Human Rights Organization in LA Says ICE Transfers Should Stop During COVID-19 Pandemic

A spokesperson for U.S. Immigration and Customs Enforcement, said that while the health, safety and welfare of detainees is a priority, a transfer into an ICE facility may be deemed necessary.

A human rights organization with a Los Angeles office sent a letter to the state Supreme Court Friday, urging judges to stop the transfer of deportable non-citizens from jails and prisons to federal immigration detention centers during the coronavirus pandemic.

In the friend of the court letter, Human Rights Watch submitted what it claims is evidence from its investigation into substandard care in immigration detention facilities, allegedly illustrating why transfers of immigrants into the federal system during the pandemic are dangerous.

Alexx Pons, a spokesperson for U.S. Immigration and Customs Enforcement, said that while the health, safety and welfare of detainees is a priority, a transfer into an ICE facility may be deemed necessary.

A transfer can occur for a variety of reasons, including security issues, to comply with a court order or to place the detainee in a more appropriate facility based on circumstances and risk factors, Pons said.

"All detainee transfers and transfer determinations are based on a thorough and systematic review of the most current information available," Pons said, adding that ICE facilities "take every precaution" to ensure the health, safety and wellbeing of those in custody.

The American Civil Liberties Union filed the petition for a court order to halt the transfers on April 24, on behalf of the Southern California chapter of the California Attorneys for Criminal Justice and American Immigration Lawyers Association.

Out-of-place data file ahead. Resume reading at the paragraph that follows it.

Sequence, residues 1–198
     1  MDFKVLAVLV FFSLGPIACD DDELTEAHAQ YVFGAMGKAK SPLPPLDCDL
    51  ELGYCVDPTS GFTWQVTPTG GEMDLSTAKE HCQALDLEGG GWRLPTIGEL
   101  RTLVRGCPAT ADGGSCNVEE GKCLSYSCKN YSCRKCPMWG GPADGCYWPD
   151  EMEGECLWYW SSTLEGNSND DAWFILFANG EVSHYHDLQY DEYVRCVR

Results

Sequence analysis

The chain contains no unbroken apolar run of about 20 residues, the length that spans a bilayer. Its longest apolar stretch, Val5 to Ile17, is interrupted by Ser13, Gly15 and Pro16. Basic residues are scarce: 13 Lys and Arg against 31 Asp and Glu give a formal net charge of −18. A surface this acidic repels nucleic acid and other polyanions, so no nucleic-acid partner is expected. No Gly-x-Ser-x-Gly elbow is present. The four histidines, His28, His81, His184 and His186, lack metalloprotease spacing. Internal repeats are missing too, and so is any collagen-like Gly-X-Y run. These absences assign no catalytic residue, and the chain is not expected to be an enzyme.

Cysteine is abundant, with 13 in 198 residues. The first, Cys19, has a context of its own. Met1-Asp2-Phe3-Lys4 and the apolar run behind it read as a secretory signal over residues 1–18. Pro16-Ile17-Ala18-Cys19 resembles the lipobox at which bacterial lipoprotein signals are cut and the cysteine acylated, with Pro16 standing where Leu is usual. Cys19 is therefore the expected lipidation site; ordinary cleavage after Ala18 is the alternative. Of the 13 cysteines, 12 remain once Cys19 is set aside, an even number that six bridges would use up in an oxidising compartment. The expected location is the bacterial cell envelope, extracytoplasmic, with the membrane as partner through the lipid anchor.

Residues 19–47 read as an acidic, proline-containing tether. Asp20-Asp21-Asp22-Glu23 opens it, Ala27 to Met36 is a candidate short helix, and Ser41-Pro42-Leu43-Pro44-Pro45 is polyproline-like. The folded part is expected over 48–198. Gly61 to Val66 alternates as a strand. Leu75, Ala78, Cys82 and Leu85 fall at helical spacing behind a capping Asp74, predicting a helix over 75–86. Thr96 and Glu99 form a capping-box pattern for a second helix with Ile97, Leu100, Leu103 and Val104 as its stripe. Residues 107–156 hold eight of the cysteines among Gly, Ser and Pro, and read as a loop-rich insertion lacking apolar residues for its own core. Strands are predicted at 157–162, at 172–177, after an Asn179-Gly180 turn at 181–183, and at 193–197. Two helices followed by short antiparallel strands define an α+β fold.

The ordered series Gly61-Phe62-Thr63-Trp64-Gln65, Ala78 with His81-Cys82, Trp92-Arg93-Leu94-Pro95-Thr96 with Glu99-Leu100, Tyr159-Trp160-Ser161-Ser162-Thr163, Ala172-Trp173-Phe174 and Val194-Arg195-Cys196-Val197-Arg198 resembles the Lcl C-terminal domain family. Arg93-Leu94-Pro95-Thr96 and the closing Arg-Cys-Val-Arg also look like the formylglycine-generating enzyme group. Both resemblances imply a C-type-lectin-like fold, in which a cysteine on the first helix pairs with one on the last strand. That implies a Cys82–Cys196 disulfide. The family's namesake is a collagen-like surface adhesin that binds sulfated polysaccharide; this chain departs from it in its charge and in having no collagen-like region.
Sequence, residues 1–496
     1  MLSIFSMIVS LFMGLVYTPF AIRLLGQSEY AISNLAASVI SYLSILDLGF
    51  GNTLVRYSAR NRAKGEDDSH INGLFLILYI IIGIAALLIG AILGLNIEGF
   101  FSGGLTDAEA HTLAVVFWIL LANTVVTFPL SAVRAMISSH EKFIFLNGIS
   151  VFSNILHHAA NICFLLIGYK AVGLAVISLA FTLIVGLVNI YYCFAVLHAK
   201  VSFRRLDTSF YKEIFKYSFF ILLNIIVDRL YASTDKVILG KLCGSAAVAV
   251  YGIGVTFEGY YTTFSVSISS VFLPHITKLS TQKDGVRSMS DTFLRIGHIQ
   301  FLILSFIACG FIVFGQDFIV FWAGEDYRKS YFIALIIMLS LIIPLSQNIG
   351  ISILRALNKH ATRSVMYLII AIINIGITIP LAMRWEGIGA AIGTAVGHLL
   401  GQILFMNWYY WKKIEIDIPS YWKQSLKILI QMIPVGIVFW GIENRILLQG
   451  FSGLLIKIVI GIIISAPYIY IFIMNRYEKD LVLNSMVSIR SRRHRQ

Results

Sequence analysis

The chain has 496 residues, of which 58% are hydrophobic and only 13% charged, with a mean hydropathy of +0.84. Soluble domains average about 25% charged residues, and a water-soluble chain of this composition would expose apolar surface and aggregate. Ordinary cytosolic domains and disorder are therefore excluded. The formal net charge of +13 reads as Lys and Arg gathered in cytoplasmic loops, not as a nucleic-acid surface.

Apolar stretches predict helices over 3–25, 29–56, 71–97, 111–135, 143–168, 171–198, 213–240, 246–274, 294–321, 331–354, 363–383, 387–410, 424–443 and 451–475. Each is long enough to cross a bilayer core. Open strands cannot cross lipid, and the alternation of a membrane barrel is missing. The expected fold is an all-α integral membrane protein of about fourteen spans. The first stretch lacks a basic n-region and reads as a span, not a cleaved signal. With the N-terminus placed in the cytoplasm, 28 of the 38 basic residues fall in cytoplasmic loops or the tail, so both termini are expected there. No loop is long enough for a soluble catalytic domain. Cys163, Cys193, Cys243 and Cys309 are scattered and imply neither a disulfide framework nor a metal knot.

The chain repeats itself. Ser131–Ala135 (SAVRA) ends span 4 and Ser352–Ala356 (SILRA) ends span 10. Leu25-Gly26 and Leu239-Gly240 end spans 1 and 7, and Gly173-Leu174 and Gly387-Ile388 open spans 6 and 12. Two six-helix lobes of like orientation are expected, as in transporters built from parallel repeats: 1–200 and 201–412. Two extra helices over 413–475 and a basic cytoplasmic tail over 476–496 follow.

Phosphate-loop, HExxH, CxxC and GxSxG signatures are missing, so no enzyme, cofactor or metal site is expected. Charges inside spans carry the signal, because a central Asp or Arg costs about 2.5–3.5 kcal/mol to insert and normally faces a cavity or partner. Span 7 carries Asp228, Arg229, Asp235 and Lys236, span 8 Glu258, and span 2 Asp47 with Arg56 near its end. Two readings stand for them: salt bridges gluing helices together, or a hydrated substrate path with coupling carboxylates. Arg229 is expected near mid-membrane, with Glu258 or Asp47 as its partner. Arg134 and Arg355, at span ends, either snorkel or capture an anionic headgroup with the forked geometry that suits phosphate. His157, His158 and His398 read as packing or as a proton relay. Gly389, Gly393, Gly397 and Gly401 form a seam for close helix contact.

The so-called friend of the court letter was penned by Grace Meng, senior U.S. immigration researcher at Human Rights Watch.


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"Now is not the time for California to increase the numbers of people
locked up in immigration detention," Meng wrote. "By stopping transfers into these facilities, the state can take action now to protect detainees, detention facility staff and the wider community from further illness and death due to COVID-19."

California transfers many non-citizens who are released from prisons and jails -- because they have completed sentences, earned parole or been granted bail -- into the federal immigration detention system. As a result, local prisons and jails significantly contribute to the immigration detention population, according to Human Rights Watch.

The amicus letter also describes the situation at the Otay Mesa Detention Center in San Diego County, where more than 100 detainees in the custody of ICE or U.S. Marshals, and 33 employees, are reported to have tested positive for COVID-19 as of April 26.

On Thursday, a federal judge in San Diego directed the federal government to release more than 50 medically vulnerable detainees from the facility.

Meng's letter also cited a recent study released online by the Journal of Urban Health, which modeled the rate of COVID-19 transmission within 111 ICE detention facilities. The model showed that 72% of people detained in the facilities would be infected with the coronavirus 90 days after a facility had five infected cases. The model further showed that high rates of infection could contribute to overloading regional hospitals in the detention center's community.

"ICE's record shows that it is wholly unprepared to address a public
health crisis of this magnitude or to address the health needs of any people added to the detention system," Meng said. "If immigrants and workers in immigration detention in California get sick at high rates, hospitals in California's communities are also likely to become overloaded."

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